Nils Weldy, the longtime shepherd of Charlotte’s craft beer community, leaves behind an ever-growing flock
Nils Weldy moved from Boston to Charlotte in July 2007. Number of local craft breweries and taprooms: zero. He moved back to New England—specifically Rhode Island, home state of Weldy and his wife, Michaela—over the summer. Number of Charlotte-area craft breweries and taprooms: 80-plus. And still growing.
Weldy, 42, is not solely responsible for the great flowering of Charlotte craft brewing in the intervening decade and a half. It’s happened in a lot of places, and it might have happened here even without Weldy, the organization he helped build, and the events and festivals it’s hosted. But he coalesced and helped lead a loose group of business owners at a time when they needed direction, and Weldy departed with a sense that the garden was well fertilized.
“I thought, Hey, it’s time for a new chapter. I accomplished everything I had hoped to over the last, gosh, 10-plus years,” he tells me by phone in late August from Cranston, a Providence suburb where he, Michaela, and their three children were staying with family until they found a house to buy. “I’m just so grateful for these brewery owners being supportive of the ideas and events and initiatives that I’ve put on their desks. They’ve gone for it, and they’ve been successful. Of course, I’d have come up with new ideas and concepts in the future, but, at this time, I thought, Wow, what else is there to strive for?”
Weldy worked in sales and marketing for the then-Charlotte Bobcats for his first three years here, then founded his own event production and marketing company. (He continues to work in program development, marketing, and fundraising for the national nonprofit ACEing Autism, which helps autistic children through tennis.) That led him to organize the first Queen City Brewers Festival in 2012 and for the next eight years. In 2017, Birdsong Brewing co-founder Chris Goulet suggested that Weldy, who by then knew the Charlotte brewing community and how to market it, lead Charlotte Independent Brewers Alliance, the community’s nonprofit advocacy group.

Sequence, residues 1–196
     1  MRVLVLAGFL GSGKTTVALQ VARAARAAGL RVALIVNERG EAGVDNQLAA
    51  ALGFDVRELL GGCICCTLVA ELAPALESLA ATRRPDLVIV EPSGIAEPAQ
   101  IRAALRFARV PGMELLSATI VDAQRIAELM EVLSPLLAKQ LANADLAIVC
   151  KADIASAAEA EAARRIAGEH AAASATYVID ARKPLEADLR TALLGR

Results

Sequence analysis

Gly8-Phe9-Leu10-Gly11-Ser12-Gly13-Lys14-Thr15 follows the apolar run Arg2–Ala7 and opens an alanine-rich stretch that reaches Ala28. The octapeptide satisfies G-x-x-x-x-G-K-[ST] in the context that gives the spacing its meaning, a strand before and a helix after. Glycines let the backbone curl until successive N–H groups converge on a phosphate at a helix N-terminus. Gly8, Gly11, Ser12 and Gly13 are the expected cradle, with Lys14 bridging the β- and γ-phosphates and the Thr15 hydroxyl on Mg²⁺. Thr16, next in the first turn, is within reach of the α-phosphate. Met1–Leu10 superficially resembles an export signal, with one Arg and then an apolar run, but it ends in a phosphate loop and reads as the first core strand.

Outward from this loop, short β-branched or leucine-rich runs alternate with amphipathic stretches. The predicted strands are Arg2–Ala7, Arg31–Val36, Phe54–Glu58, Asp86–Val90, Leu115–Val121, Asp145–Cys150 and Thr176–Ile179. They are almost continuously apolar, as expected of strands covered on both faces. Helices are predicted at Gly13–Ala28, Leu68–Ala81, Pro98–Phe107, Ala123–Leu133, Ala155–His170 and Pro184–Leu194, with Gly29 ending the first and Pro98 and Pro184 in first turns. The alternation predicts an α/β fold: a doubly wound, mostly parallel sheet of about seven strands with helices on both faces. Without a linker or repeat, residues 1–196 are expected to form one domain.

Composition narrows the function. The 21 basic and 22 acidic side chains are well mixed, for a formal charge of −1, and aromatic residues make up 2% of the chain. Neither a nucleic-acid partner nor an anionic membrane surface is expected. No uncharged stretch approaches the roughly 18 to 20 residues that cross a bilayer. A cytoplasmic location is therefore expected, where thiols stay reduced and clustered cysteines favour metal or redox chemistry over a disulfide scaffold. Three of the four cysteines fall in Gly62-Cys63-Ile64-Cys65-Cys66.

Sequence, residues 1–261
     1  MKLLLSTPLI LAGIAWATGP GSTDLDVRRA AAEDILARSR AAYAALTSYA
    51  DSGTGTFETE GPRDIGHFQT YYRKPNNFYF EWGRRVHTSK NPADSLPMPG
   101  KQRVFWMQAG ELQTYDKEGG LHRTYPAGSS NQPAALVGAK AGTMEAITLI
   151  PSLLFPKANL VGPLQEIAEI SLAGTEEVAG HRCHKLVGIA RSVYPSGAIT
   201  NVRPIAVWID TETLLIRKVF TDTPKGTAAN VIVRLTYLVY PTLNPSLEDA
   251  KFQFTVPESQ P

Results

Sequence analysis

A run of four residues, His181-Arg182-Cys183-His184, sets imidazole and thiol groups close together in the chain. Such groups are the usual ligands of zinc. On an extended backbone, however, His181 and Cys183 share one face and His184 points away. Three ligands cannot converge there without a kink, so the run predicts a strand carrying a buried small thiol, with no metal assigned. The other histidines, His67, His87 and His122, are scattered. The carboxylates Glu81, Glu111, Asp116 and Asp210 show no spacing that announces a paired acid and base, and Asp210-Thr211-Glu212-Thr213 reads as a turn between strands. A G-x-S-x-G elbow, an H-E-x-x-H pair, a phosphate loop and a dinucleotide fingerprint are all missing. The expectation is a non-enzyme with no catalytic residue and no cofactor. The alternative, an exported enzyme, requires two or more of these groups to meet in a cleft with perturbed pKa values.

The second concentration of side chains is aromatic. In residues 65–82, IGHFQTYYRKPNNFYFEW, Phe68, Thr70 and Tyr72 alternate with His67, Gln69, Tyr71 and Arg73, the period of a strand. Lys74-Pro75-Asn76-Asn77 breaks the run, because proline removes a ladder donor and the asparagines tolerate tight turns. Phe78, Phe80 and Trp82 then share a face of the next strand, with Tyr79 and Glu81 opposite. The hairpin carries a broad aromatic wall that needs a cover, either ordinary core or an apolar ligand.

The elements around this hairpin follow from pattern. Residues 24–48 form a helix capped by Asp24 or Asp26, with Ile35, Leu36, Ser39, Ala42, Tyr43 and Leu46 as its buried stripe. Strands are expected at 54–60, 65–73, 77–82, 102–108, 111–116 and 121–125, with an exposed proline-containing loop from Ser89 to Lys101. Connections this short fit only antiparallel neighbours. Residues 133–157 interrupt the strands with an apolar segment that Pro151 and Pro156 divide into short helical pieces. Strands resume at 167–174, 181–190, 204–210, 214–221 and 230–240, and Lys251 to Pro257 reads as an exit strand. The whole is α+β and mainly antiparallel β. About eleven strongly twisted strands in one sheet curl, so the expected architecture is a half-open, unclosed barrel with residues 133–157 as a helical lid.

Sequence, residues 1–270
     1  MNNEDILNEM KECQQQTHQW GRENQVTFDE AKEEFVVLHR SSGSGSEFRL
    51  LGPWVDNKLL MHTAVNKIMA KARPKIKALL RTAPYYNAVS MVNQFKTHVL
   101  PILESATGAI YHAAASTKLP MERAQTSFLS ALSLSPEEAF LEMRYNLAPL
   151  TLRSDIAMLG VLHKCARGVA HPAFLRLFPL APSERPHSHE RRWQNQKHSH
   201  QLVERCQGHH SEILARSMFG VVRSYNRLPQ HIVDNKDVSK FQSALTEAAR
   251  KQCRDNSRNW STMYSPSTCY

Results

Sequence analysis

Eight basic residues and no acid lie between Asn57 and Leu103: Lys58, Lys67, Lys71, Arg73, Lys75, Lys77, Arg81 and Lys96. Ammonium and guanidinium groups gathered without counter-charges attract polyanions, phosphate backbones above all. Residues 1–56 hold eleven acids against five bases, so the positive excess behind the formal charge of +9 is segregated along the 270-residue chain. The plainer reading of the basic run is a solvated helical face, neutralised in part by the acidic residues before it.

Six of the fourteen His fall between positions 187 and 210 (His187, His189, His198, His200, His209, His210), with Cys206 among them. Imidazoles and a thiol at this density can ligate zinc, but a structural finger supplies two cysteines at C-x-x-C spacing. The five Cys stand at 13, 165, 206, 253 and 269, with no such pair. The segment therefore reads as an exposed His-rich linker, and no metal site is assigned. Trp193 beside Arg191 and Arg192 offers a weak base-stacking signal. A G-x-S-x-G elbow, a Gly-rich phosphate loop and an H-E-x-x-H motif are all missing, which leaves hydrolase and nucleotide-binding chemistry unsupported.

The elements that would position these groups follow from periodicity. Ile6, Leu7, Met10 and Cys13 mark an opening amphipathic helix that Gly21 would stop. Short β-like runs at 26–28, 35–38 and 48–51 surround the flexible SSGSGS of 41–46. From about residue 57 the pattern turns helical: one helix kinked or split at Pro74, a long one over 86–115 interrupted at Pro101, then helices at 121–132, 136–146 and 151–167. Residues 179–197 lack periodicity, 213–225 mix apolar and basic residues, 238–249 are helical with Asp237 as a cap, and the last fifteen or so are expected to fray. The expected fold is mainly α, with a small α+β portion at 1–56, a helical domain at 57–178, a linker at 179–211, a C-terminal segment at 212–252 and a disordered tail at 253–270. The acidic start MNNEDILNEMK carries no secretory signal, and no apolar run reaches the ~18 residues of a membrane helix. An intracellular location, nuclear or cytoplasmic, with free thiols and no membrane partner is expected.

CIBA, which started with a handful of brewers who exchanged recipes and banter, grew with the Charlotte craft beer scene. Weldy continued to organize the Brewers Festival every Super Bowl Saturday. In May, the alliance hosted the inaugural CLT Brewed Week, a series of events to showcase and celebrate Charlotte-area beer. Weldy and other CIBA members hope Brewed Week, like the Brewers Festival, turns into a tradition.
“That’s just been an incredible celebration to take pride in the quality product that’s coming out of the Charlotte area,” he says. “I think what we’ve seen recently is a function of CIBA becoming simply more organized, more tightly knit. Establishing a strong board and creating an events committee were instrumental in producing what you’ve seen recently.
“But the first several years I was involved, it was very much about understanding what we want CIBA to be—you know, who are we? What’s our mission and vision? And that took some time. I think today, because the brewery landscape is changing so rapidly in Charlotte, it’s still in its early stages, and CIBA’s still reflecting on what it is and what it wants to be.”
Those of us who thought Charlotte’s craft beer market might have achieved saturation five years ago have watched in amazement as it just keeps growing. It’s moved solidly into surrounding counties like Union, Cabarrus, and York. It’s enticed out-of-town brewers like Burial Beer in Asheville and Monday Night Brewing in Atlanta to open taprooms in Charlotte. And it’s flourished enough to compel some of Charlotte’s OG breweries—including Heist in NoDa and Legion in Plaza Midwood—to open more than one location in town. Charlotte’s a business city. Owners who can scale typically do.
“That’s something I haven’t seen in other markets, certainly not here in Rhode Island,” Weldy says. “There’s a business savviness you really see among the Charlotte brewery community. You see North Carolina ranked as one of the top states to do business, and of course that’s going to help any brewery owner grow.
“But I also think it’s the ambition of Charlotte brewery owners as well. Like a lot in Charlotte, there’s a lot of opportunity. Maybe some think it’s a conquerable city, and the ambition to grow is kind of untapped.”
Greg Lacour is the editor.